The Washington Post

Monkeypox is a public health emergency, HHS’S Becerra officially declares


Health and Human Services Secretary Xavier Becerra declared the monkeypox outbreak a public health emergency on Thursday in an effort to galvanize awareness and unlock additional flexibilit­y and funding to fight the virus’s spread.

“We’re prepared to take our response to the next level in addressing this virus, and we urge every American to take monkeypox seriously and to take responsibi­lity to help us tackle this virus,” Becerra said at a Thursday news briefing. He formally signed the declaratio­n later on Thursday.

The health secretary is also considerin­g a second declaratio­n empowering federal officials to expedite medical countermea­sures, such as potential treatments and vaccines, without going through full-fledged federal reviews. That would also allow for greater flexibilit­y in how the current supply of vaccines is administer­ed, Becerra said.

The administra­tion’s announceme­nt follows similar decisions by health officials in New York, California and Illinois and global health leaders. The World Health Organizati­on on July 23 declared that monkeypox was a public health emergency of internatio­nal concern, its highest-level warning, after confirmed outbreaks in about 70 countries where the virus has not historical­ly spread.

Health officials Thursday also said they were taking steps to improve access to Jynneos, the only vaccine approved by the Food and Drug Administra­tion to protect against the virus through a twodose regimen. Federal officials have identified about 1.6 million people as highest risk for monkeypox, but the United States has received enough Jynneos doses to fully cover only about 550,000 people. Officials said that they had expedited an additional 150,000 doses of Jynneos to arrive in September, and FDA Commission­er Robert Califf told reporters that a “dose-sparing” plan was under serious considerat­ion.

“We’re considerin­g an approach … that would allow health care providers to use an existing one-dose vial of the vaccine to administer a total of up to five separate doses,” said Califf, adding that the plan was “looking good” and would be finalized in the coming days.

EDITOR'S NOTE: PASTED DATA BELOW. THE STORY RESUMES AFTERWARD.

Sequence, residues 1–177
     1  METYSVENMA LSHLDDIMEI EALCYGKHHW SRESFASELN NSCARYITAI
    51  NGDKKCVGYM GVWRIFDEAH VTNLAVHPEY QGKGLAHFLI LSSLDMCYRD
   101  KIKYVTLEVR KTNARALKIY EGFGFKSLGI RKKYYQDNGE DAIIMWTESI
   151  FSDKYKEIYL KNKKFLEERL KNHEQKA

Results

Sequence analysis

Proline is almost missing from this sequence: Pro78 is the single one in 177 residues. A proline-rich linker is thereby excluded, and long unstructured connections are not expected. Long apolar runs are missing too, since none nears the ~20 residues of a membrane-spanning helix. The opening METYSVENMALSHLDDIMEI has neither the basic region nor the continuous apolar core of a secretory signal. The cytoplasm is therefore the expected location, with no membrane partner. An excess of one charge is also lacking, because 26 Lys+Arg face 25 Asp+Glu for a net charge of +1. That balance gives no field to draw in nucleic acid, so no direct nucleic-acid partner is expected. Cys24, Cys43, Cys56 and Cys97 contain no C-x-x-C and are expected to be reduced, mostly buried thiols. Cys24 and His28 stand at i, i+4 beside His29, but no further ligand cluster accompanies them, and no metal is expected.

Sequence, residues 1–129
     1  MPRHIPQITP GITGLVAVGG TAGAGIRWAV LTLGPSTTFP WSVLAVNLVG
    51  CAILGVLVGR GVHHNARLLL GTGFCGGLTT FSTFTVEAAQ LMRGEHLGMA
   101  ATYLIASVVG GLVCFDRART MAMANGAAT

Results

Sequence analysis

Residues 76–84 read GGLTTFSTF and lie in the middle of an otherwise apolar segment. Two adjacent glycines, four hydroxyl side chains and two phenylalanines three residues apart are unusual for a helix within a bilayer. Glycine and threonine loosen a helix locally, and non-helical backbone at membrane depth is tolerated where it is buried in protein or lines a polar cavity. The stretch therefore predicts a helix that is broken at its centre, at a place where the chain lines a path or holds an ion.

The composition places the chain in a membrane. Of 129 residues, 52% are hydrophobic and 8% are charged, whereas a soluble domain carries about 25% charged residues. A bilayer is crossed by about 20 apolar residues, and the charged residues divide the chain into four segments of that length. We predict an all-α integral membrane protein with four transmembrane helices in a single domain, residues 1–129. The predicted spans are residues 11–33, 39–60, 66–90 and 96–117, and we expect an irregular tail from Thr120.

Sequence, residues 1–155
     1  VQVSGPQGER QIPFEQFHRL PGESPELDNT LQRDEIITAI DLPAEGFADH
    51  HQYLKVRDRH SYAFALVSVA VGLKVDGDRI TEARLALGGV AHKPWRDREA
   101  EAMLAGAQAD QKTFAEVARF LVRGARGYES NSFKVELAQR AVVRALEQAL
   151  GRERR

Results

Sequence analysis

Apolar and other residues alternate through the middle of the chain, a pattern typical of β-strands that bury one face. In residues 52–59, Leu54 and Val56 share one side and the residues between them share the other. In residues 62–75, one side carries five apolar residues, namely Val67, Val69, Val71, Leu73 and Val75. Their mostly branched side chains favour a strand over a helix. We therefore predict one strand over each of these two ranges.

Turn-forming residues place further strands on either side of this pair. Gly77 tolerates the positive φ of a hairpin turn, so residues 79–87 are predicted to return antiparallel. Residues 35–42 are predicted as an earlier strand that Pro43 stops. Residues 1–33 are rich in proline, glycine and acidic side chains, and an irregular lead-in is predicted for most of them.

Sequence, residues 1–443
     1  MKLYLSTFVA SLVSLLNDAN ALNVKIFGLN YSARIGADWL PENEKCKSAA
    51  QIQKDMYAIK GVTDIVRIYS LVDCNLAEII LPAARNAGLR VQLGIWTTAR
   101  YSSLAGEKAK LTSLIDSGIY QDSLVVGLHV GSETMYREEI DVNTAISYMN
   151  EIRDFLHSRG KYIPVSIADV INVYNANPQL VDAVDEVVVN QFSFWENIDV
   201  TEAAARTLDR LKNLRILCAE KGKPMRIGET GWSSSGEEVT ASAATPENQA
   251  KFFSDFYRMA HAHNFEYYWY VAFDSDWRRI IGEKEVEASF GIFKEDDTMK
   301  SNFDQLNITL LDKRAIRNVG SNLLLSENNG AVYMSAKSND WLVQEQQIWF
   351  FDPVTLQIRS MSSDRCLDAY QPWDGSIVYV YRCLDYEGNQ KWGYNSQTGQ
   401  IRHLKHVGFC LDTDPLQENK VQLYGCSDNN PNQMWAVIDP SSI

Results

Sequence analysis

The announceme­nt follows the White House’s decision this week to name Robert J. Fenton Jr., a longtime official at the Federal Emergency Management Agency, as the coordinato­r of the national response to the virus.

“This public health emergency will allow us to explore additional strategies to get vaccines and treatments more quickly out in the affected communitie­s. And it will allow us to get more data from jurisdicti­ons so we can effectivel­y track and attack this outbreak,” Fenton said Thursday.

Thursday’s announceme­nts were cheered by President Biden’s allies on Capitol Hill, including House Oversight Chairwoman Carolyn B. Maloney (D-N.Y.), who had pressed the administra­tion to declare an emergency.

“This critical step will allow the Biden administra­tion to build on the progress it has already made to expand the availabili­ty of vaccines, testing, and treatment nationwide,” Maloney said in a statement.

But public health experts called Thursday’s announceme­nt overdue, saying that the emergency declaratio­n had been long-needed to fast-track more funding and flexibilit­y.

“It’s about time,” David C. Harvey, executive director of the National Coalition of STD Directors, said in a statement. “With this declaratio­n in place, the administra­tion must act quickly to allocate funding to state and local health department­s for … clinical services” to deal with monkeypox.

The top Republican on the Senate’s health committee said that the Biden administra­tion had failed to move quickly to contain the virus.